Seven children from Riley Elementary School served as tour guides Thursday when the Great Bend USD 428 Board of Education visited their building.
Mason Davidson, Josie Blevins, Nathalia Gonzalez, Alejandra Castruita, Angel Cardenas, Kavien Delgadillo and Jammelly Delgadillo showed board members their classrooms and other features of the school, which in celebrating its 102nd year of existence.
There were no action items on the agenda, but the school board holds monthly luncheon meetings during the school year so it can visit each attendance center in the district and hear a report from the principals and their staffs. The board also met Andrea Bauer, who is leaving her position at the Great Bend Chamber of Commerce to take the job of USD 428 public information director when Jennifer Schartz retires next month.
Principal JoAnn Blevins said the school has 338 students in grades Pre-K through 6. That is a decline from last year’s enrollment but the number of preschool students is increasing, she said.
Riley is the only school in the district with two English language arts (ELA) teachers and they have been working with students in the classrooms as opposed to taking them out of class for extra help. “We’re pushing in vs. pulling out,” Blevins said.
She also introduced Brenda Guerra, president of the new Parent Teacher Organization, the Riley Booster Club. Guerra was a Riley student and now has two children who attend school there.
The number one goal of the Riley Booster Club is to establish communication between parents and teachers, Guerra said. They also conduct fundraisers to support the school.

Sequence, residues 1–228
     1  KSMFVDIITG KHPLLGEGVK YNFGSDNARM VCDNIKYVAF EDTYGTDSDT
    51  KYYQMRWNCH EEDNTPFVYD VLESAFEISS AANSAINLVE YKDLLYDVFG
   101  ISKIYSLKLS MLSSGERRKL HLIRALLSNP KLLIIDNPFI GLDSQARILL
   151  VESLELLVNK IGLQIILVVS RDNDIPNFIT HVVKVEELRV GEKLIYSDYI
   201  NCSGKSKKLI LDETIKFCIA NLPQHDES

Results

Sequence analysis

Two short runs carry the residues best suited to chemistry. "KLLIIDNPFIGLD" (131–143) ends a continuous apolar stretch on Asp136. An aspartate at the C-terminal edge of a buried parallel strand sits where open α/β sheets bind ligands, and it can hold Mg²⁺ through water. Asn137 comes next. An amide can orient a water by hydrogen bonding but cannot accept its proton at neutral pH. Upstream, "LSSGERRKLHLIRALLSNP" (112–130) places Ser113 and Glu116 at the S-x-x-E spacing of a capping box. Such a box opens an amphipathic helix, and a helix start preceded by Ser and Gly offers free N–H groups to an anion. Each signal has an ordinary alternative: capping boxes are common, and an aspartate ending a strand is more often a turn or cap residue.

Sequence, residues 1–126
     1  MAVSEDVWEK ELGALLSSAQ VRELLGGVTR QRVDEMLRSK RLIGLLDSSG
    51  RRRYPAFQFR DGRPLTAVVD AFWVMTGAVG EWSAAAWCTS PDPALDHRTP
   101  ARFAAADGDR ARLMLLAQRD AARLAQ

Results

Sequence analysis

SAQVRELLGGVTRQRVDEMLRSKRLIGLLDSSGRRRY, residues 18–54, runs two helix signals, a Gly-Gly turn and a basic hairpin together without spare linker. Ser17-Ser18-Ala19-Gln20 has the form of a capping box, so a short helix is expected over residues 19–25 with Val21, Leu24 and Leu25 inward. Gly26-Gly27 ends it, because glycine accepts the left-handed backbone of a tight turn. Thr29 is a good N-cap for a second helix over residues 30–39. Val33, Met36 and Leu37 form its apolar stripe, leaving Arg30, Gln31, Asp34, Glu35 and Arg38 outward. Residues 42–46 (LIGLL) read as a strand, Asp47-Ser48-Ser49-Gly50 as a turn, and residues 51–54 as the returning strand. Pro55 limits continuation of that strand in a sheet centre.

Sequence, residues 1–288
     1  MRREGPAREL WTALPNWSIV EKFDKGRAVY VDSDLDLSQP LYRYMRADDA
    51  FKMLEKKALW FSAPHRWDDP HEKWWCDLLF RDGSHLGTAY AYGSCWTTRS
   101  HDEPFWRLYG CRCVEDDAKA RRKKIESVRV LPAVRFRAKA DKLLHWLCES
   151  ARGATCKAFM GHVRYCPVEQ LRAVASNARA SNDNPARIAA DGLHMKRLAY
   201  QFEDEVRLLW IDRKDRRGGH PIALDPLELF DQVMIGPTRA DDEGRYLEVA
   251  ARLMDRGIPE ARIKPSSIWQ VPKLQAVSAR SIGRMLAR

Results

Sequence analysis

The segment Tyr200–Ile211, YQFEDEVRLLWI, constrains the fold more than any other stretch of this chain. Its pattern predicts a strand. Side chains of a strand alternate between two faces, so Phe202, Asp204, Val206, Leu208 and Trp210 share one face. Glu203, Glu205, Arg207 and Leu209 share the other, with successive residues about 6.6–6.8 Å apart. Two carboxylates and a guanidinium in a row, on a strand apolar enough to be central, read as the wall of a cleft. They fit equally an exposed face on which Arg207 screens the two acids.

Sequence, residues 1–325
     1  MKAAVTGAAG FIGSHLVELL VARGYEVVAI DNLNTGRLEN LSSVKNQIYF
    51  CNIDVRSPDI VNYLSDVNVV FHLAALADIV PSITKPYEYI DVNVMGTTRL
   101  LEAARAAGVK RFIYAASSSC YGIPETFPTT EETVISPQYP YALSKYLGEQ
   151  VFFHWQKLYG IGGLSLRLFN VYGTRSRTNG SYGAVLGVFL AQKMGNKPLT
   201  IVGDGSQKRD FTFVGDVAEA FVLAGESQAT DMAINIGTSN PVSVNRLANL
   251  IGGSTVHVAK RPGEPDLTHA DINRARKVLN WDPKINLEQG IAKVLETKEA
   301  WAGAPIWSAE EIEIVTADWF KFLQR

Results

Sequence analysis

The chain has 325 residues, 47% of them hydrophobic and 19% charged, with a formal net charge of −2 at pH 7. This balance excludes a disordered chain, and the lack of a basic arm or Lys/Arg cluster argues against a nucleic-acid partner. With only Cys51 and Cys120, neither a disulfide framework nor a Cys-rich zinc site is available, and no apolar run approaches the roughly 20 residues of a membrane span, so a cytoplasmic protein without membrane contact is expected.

“Our parents are so excited,” she said. She noted that many of the parents are immigrants from Mexico and the group is helping them to learn how they can be involved in their children’s education. “I want them to see (their child's teacher) as not only a teacher but also a friend.”
Establishing relationships is also one of the top priorities for the school’s three-year goal to become a trauma-responsive school, Blevins said. Now in year one, employees are becoming “trauma-informed,” which means they’re learning more about the reasons for behavior problems and better responses than simply reacting to problems by punishing students.
Last year, Riley had 98 out of school suspensions and one expulsion, Blevins said. “That’s not OK with me.”
The school has a trauma team and the entire staff is studying the book, “Help For Billy.”
“Our number one goal is developing positive relationships with students,” Blevins said. While the techniques being studied aren’t new, the staff is working to incorporate more problem solving and less punishment. So far, it appears to be working. “I think we’ve already prevented 10 out of school suspensions,” she said.